Mahābrahmā (‘Great Brahmā’). Buddhist name for the creator deity of the Hindu religion, as known to the Buddhists of the 6th cent. BCE.
According to the brahmans, the world was created by the Great Brahmā, and he was conceived of as a personal, masculine deity:
the ‘Great Brahmā’ (Mahābrahmā),
the ‘Supreme One’ (Abhibhū),
the ‘Unconquered’ (Anabhibhūto),
the ‘Ruler’ (Vasavatti),
the ‘Overlord’ (Issaro),
the ‘Maker’ (Kattā),
the ‘Creator’ (Nimmātā),
the ‘Greatest’ (Seṭṭho),
the ‘Assigner’ (Sañjitā),
the ‘most Ancient’ (Vasī),
the ‘Father of all that are born and are to be born’ (Pitā-bhūtabhavyānaṃ), the ‘Steadfast’ (Nicco), the ‘Immutable’ (Dhuvo), the ‘Eternal’ (Sassato), and the ‘Unchangeable’ (Aviparināmadhammo).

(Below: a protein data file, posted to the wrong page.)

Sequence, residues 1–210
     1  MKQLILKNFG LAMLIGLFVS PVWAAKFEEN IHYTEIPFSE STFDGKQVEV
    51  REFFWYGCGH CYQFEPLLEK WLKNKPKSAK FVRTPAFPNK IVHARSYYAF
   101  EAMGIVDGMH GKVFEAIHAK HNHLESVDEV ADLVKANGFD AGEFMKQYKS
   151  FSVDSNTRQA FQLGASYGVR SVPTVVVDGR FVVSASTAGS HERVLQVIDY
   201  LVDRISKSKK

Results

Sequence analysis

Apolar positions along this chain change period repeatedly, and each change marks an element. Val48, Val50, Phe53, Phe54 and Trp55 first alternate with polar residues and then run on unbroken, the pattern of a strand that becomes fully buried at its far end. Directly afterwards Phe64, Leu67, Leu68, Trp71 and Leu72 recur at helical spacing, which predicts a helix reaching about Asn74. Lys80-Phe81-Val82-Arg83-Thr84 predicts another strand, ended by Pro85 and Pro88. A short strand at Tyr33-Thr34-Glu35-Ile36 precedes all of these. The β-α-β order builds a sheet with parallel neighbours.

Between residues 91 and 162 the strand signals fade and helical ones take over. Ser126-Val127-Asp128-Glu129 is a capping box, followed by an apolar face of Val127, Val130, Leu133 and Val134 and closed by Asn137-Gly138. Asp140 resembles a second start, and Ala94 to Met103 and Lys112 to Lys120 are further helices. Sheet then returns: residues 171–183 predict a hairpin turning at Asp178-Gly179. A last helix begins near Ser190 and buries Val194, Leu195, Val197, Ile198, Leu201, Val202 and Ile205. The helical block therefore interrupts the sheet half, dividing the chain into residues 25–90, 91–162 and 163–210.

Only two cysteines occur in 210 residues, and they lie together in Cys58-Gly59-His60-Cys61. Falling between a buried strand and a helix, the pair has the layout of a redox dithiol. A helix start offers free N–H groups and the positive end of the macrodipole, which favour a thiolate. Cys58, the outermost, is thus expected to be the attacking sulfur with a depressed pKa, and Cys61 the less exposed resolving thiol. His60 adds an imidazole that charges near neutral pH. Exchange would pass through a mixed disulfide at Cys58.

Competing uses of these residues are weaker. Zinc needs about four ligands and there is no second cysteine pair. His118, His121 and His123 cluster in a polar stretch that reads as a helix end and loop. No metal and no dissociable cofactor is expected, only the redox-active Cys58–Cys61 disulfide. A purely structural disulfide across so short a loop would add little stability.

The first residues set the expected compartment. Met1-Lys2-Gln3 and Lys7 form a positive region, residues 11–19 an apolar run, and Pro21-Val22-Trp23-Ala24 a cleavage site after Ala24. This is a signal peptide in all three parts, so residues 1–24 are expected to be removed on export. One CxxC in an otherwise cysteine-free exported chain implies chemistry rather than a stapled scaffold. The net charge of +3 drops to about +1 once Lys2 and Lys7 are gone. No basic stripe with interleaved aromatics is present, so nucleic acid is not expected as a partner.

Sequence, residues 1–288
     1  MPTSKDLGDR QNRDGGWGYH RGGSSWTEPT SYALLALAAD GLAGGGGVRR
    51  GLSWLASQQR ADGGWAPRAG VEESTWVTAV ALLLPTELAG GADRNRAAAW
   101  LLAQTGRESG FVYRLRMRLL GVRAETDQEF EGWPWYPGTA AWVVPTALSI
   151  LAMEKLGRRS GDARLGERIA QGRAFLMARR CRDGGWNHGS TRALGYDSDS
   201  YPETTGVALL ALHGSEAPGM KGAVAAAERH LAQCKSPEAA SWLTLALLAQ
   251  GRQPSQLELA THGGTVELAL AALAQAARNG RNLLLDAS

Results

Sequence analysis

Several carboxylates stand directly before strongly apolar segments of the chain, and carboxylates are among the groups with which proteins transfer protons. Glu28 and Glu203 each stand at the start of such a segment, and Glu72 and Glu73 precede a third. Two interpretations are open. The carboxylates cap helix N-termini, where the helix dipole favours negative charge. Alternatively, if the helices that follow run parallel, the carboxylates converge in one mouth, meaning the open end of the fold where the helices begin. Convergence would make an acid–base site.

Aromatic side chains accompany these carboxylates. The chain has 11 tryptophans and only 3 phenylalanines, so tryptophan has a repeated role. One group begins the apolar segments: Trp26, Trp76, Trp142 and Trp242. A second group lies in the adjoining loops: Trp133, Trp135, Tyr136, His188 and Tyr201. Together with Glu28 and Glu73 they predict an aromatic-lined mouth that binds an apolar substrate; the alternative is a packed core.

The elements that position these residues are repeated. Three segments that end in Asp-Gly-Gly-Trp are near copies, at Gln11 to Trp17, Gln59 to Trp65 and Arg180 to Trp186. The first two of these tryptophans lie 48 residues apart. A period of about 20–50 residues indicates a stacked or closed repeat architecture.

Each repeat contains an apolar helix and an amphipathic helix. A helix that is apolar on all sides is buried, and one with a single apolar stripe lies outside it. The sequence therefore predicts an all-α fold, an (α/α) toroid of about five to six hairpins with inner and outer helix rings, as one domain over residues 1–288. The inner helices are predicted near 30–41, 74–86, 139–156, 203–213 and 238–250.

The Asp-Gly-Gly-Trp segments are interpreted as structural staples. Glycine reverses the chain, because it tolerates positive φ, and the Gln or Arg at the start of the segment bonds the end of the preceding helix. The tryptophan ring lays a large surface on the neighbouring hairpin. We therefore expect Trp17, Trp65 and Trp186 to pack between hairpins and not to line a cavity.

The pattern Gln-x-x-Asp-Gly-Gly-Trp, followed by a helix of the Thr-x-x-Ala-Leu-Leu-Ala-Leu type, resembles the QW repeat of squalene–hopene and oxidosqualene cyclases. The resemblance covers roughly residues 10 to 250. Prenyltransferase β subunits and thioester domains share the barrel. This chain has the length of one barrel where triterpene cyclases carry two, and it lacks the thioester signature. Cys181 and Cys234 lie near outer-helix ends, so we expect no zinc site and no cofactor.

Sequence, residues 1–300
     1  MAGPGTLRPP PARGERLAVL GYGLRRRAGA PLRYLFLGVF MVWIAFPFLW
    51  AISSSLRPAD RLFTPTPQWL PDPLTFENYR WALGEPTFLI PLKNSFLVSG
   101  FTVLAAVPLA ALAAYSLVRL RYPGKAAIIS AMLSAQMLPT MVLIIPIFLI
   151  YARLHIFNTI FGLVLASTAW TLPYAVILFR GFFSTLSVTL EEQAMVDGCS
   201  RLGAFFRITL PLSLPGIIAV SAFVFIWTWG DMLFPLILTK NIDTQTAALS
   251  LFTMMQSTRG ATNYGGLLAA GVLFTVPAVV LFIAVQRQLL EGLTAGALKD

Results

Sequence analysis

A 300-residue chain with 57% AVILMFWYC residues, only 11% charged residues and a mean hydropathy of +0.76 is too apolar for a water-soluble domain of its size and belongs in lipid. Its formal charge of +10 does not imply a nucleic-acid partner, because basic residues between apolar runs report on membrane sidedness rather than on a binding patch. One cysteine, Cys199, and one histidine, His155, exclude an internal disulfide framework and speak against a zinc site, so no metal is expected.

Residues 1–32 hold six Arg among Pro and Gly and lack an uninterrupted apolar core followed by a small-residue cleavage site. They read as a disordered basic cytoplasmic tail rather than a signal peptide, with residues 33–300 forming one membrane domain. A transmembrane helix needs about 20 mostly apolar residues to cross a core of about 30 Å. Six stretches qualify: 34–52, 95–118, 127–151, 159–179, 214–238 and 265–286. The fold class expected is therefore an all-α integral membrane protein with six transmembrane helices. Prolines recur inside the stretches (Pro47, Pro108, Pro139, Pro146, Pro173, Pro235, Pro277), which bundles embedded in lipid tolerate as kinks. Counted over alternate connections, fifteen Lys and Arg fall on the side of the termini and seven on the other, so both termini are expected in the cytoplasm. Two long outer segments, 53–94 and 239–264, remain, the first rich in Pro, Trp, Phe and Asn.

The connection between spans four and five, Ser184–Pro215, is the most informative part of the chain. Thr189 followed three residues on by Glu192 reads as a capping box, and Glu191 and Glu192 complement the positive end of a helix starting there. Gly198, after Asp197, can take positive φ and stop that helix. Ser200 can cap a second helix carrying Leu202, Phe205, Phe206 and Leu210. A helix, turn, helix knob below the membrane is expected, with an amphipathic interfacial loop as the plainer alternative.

The belief in a creator deity of such or any other description was not acceptable to Buddhism, as the world according to Buddhism is not the product of such creative activity, but of an on-going evolutionary process.
The Buddhist reinterpretation of the Hindu belief in the creator deity Mahābrahmā was designed not only to deny this belief, but also to build the case against it.